Q.: We are renovating our home, and my wife wants to put hardwood floors in all the bathrooms, to match the hardwood we’re installing throughout the rest of the house. I have my doubts. Is wood flooring in the bathroom a good idea?
A.: Hardwood is a better bathroom flooring choice than, say, carpet, but it can still be very problematic. Moisture kills hardwood, and a bathroom is probably the most humid area of the entire home. Showers in the morning, warm baths for the kids in the evening… bathtub overflows, spills and splashes can severely damage the floor.
Of all hardwood flooring options, engineered is a better choice for a bathroom than solid, as plywood or solid wood bottom layers hold up against moisture relatively well and are very dimensionally stable. An engineered hardwood floor could hold up well in spacious, well-ventilated bathrooms that doesn’t receive much traffic. This is not the case in large family households with kids, where no matter how responsible you try to be, there is always going to be more water left on the floor than you think.
Additionally, bathroom floors in large family households are bound to be damp most of the time, and this can lead to growth of mold. Although some harsh chemical cleaners can kill harmful mold and bacteria, they are likely to dull or damage hardwood floor finish as well.
Bathroom Floors that Look Like Hardwood
Faux-hardwood surfaces – floors that imitate the look of real wood so well it’s nearly impossible to tell the difference – will work well. Many vinyl based floors can be matched to the look of hardwood quite nicely, so that your faux-hardwood floor will appear nearly indistinguishable from the real wood installed throughout the rest of your home. Wood-like tile and ceramic can be good alternatives to hardwood.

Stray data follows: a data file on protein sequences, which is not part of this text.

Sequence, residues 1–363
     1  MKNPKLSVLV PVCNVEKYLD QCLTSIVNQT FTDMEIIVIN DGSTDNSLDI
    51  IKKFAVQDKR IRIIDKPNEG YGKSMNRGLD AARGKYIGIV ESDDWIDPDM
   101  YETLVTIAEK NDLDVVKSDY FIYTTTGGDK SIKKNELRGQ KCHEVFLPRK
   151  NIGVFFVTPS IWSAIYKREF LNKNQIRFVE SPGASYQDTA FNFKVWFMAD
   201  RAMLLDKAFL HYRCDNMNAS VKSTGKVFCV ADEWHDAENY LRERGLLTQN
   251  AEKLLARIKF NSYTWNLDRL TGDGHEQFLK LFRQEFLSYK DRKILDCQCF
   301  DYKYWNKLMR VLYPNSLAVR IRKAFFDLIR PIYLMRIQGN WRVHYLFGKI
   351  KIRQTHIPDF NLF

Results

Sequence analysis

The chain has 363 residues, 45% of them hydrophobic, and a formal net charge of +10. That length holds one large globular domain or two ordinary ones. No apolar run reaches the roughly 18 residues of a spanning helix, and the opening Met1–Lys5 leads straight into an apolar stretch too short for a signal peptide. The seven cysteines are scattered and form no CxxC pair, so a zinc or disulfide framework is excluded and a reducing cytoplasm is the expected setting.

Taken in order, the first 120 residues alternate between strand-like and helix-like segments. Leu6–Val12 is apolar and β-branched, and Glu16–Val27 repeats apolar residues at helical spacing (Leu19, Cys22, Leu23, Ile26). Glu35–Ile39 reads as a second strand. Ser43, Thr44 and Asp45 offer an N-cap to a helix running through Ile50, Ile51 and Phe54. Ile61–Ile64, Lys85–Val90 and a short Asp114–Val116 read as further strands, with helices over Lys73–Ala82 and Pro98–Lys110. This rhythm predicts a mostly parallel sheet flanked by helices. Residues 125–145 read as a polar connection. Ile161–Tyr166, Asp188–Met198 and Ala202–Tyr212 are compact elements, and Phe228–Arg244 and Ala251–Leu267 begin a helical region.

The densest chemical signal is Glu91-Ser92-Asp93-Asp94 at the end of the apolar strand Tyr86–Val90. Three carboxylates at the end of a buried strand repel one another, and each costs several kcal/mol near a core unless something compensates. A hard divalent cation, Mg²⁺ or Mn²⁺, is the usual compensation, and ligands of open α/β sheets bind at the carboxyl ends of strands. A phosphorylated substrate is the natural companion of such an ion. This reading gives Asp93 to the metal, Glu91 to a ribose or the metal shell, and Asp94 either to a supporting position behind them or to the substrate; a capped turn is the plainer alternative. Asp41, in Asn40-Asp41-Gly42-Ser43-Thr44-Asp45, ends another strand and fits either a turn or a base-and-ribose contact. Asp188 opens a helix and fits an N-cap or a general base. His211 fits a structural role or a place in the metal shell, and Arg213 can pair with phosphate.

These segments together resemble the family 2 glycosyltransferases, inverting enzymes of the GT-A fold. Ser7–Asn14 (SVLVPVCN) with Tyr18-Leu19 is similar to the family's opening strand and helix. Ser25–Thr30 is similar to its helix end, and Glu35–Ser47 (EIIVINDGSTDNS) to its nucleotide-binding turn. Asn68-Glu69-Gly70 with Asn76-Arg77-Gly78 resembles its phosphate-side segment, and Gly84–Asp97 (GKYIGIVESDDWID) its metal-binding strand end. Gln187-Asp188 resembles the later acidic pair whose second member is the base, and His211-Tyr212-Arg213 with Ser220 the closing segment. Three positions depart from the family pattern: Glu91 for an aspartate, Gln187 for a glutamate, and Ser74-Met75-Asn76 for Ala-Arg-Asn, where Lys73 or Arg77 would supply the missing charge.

Treated Decking Wood
A wood floor that’s been specially treated against moisture – like most outside decking surfaces are- may be another alternative to consider. But if you do, pay close attention to the chemical composition and possible emission levels of such floors while doing your research. It’s one thing to use a treated floor outdoors, but another to have it in the family bathroom. Keep in mind that many water sealing finishes that were used in the past are no longer around due to their toxicity levels.
But if you insist…
If you maintain the floor finish and promptly clean up splashes, everything should be fine. After all, there are plenty of homeowners who have gone this route and who claim not to have had any problems with their bathroom hardwood floors. They offer these useful tips:
- Minimize humidity of your bathroom by properly ventilating
- Promptly clean up all spills
- Place rugs in “high-risk” areas, i.e. in front of the bathtub, vanity/sink, and the shower.
- Something as simple as a clogged toilet, or condensation on the toilet feed pipes could potentially turn into a much bigger issue. Take preventative measures, and fix all problems as soon as they arise.